One of the two main sources for the Paramount Network's Limited Event Series Waco is Stalling for Time: My Life as an FBI Hostage Negotiator by Gary Neosner (portrayed by Executive Producer Michael Shannon). In it, Noesner details the numerous peaceful attempts he made to try and get David Koresh (who’s played by fellow EP, Taylor Kitsch) and the rest of the Branch Davidian cult out of their Mount Carmel Compound in Waco, Texas. Meanwhile, Noesner is met with resistance from both his superior Tony Prince (Glenn Fleshler), and the militarized Hostage Rescue Team head Richard Rogers (Shea Whigham). Prince and Rogers want to bulldoze their way into the compound, while Noesner is hoping for a non-violent solution to the stand-off. It's this conflict of viewpoints and breakdown in overall communication that resulted in eventual disaster, claiming the lives of over eighty of the Branch’s members.
So, it's only natural that one of Waco's episodes is titled "Stalling For Time"; picking up on Day Nine of the siege, when everyone is just tired and wants to go home. The FBI have cut the power in the Mount Carmel Center, and even tanks dot the perimeter. Koresh's right-hand man Steve Schneider (Paul Sparks) is again on the phone with the negotiator in the wounded leader’s absence, pleading with Gary to turn the juice back on. After all, what good is the milk the FBI delivered for the Davidians' children if it spoils, thanks to a lack of refrigeration? Yet Prince isn't having any of it, stating that he's done waiting for a man who says he's looking for a "sign from God" regarding how to end this whole mess. As he feeds the press lines about a potential Jonestown duplicate, Noesner tries to explain the dissonance between his soothing words and the government's forceful actions, as none of it lines up and makes him (understandably) look like a liar to David and his people.
Things aren't so great inside Mount Carmel, either. One member takes a drink, and another calls the FBI after an image of her child - separated from his brothers due to a custody conflict between their fathers - drives her near mad. In retaliation for their insubordination - both in his eyes and God's - Koresh banishes these members from the Branch. David Thibodeau (Rory Culkin) tries to comfort David's youngest wife Michele (Julia Ganrer) - whom Thibodeau was married to in a mock ceremony to cover up Koresh's statutory rape offense - by throwing a private birthday party for their daughter. Yet this further threatens Koresh, who lets Thibodeau know that while he may be playing a part in this little charade, that woman and her child are still his, forever and ever amen. Everything's falling apart, and nobody trusts even their closest friends and family.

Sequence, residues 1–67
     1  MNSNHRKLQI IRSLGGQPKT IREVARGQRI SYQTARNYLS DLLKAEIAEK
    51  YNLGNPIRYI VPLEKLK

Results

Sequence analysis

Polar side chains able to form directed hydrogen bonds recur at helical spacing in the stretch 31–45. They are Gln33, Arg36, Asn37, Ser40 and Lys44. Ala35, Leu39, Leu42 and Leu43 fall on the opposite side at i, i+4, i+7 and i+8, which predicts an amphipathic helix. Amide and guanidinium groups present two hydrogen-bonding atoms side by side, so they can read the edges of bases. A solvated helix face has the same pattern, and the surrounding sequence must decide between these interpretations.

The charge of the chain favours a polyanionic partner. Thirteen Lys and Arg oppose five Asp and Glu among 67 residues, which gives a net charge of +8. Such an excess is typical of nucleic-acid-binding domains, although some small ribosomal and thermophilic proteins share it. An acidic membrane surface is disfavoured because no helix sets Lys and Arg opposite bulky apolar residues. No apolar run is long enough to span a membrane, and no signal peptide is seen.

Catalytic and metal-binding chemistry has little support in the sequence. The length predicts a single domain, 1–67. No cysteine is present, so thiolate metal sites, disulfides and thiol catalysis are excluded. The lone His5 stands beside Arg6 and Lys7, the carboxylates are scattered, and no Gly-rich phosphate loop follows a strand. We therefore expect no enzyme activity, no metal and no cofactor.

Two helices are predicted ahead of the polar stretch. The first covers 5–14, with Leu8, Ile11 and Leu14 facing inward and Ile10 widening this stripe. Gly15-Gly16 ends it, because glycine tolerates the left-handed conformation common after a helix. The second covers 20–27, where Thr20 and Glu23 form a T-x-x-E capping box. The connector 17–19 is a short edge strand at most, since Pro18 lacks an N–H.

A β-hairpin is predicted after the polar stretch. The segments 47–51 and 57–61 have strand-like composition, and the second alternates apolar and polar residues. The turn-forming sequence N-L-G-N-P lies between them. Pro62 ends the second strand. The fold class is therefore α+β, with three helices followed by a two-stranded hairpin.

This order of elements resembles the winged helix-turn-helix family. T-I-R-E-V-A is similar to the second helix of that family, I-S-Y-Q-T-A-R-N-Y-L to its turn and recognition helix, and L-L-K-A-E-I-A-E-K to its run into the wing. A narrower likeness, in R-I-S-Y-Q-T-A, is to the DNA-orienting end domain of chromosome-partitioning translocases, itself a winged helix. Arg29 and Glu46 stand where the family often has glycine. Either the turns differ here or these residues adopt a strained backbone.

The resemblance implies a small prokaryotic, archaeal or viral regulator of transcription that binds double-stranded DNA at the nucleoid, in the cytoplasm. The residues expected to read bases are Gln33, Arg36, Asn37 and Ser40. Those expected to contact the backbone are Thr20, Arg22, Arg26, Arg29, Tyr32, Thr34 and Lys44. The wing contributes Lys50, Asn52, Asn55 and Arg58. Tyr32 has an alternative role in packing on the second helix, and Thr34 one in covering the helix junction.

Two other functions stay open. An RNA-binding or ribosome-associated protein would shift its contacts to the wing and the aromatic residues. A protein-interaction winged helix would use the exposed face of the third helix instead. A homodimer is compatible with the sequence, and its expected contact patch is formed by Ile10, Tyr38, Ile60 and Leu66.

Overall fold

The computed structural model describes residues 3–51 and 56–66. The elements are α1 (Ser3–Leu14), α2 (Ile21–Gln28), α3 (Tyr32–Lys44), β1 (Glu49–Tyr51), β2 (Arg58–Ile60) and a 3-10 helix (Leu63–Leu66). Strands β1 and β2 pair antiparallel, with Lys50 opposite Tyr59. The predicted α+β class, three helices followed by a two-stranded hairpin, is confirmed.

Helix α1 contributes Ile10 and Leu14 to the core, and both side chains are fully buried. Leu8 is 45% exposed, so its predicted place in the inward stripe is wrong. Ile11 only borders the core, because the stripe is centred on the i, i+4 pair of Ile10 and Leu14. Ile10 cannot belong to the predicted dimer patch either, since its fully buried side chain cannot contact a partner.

One of the most fascinating things about Waco is the fact that we, as an audience, understand that almost everybody in this building - save for Thibodeau (whose memoir is the second source for the series’ scripts) and a few others - is going to die at the end. So, watching them scramble to find any way out of this harrowing situation when we recognize its inescapable fate adds a layer of tragedy to every conversation. No matter how hard Prince may assure Noesner that the Psych Ops tactics he enables Rogers to use (which include Guantanamo Bay levels of sensory deprivation) will end in the same calm resolution the negotiator seeks, we know for a fact that's just not fucking true. Every move the FBI veteran's superiors make now contain sinister undertones, as we're not so sure they didn't enjoy that rogue tank suddenly running wild and destroying structures on the Davidians’ property, much to Koresh's annoyance. Were they always operating in good faith? And - on the other hand - was Koresh really just a peaceful Jesus Freak, or a controlling, possibly dangerous, manipulator?
After all the Lawnmower Man references in the first few episodes - which, according to showrunners Drew and John Erick Dowdle, were sourced via listening to hours of the actual negotiating tapes from the incident - Waco has proven it has a weird sense of humor, especially when it comes to integrating its period pop culture references into the series' text. This week may contain the weirdest example of such, as it ends with Koresh and his cover band - armed with battery operated guitars and amps - belting out their rendition of Tim Cappello's "I Still Believe" to a slew of Bureau onlookers down below. That's right, the sexy sax man song from The Lost Boys closes this hour, as the weird tune echoes into the night, doubling as a statement of Koresh's hope that they'll all make it out of this dilemma intact. However, we know that's never going to happen, and the next hour will bring violent death to almost all these souls silently nodding their heads along to their piper’s tune.